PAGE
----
(9) Indeed, bribery is in the root of all such malfunctions of the system. It has infiltrated the system so much that bribes are given in the open and people who do not use them are considered light-minded. Kadis, mir-i mirân, sancakbeyis and other officials are all addicted to this practice. Kadis get heavily indebted while waiting for their appointment, and then have to pay back by extorting illegal money from the provinces where they get appointed. Poor peasants end by praising brigands and Celalis; all these [Celali] rebellions would not have occurred were it not for the judges’ oppressive behaviour. Two stories on Nûşirevân-ı Âdıl and Suleyman illustrate further this point (Y23-25, A622-25).
(10) The Sultan is like a glorious bird of the spirit of the world, whose body are the wise ulema; its right wing is the Grand Vizier, and its left one the kapu ağası of the Sultan’s harem. Now, after ulema such as Ebussu’ud, viziers such as Mehmed Pasha [Sokollu] and kapu ağaları such as Mahmud Ağa, the situation is lamentable. The kapu ağası is normally the left-hand vizier of the Sultan and second only to the Grand Vizier; Sultans are to consult with kapu ağaları on various serious matters. After the aforementioned Mahmud Ağa, however, things changed. The devşirme system declined and nine out of ten kul recruits are şehr oğlanları from Istanbul, Turks, Armenians or Gypsies. Now, if it was appropriate to use such persons in the palace, the glorious rulers of the past would not have ordained the devşirme system. Discipline has faded away; young apprentices in the palace have perfect communication with the outside world, while normally no one should know even whether they were dead or alive (Y25-27, A625-26).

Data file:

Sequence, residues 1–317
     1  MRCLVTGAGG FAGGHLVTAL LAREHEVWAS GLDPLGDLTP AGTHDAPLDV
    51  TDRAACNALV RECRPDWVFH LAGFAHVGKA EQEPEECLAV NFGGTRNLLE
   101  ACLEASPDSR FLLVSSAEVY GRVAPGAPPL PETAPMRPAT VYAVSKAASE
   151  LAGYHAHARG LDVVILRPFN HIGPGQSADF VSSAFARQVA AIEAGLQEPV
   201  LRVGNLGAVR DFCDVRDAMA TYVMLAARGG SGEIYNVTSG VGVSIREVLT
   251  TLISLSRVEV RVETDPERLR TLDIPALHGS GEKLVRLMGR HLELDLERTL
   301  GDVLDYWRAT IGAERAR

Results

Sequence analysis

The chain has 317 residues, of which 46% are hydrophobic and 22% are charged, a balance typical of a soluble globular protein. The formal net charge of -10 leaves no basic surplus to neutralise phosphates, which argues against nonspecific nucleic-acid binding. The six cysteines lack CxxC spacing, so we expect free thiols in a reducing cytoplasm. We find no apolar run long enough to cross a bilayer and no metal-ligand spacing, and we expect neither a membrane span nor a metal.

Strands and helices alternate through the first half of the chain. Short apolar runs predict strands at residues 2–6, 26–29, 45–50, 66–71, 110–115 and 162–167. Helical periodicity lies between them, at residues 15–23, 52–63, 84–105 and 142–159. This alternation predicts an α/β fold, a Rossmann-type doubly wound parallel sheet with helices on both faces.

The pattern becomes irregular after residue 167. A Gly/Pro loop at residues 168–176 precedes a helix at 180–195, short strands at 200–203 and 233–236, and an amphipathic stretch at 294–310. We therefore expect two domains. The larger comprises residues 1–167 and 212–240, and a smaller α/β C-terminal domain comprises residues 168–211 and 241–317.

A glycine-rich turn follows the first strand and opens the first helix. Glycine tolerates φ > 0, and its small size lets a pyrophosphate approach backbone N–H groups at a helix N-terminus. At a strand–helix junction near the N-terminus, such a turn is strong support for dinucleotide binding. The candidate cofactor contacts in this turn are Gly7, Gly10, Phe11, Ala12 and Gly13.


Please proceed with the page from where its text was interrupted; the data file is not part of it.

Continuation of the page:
(11) The anonymous author proceeds now to propose measures in order to mend all these malfunctions described above. One cannot use as pretext the fact that God’s will defines everything; God does not ask from His slaves to pass their days in rebellion (isyan), nor to take bribes and oppress the people. Kings’ hearts are pure, always striving to fulfill God’s will, and that is why the old law orders that the Sultan appointed a Grand Vizier as “an agent of governing power” (vekîl-i saltanat): the latter was to guard justice and equity, to punish oppression, to ensure that every subject enjoys peace and well-being. He was to check discipline and just promotion among the janissaries; to control the finances; to prevent properties of orphans and vakfs from finding their way into the public treasury. Viziers who did not follow these rules were punished severely. Now, however, viziers are led by bribery and corruption, and do not care for the long-term. “The fish stinks from the head”, they say; the Sultan’s not choosing a wise and honest Vizier is in the root of all present-day’s disasters. According to a story about Suleyman’s vizier Pirî Paşa, three things can bring forth a powerful state’s destruction: (a) that the state falls to hands of a stupid vizier, (b) that the gates of bribery open and posts start to be sold and bought, (c) that the rulers (hükûmet nâmında olanlar) move according to the whims of their wives. Thus, the first cause of all these malfunctions is none else than the absence of a virtuous Grand Vizier. (Y27-31, A626-30).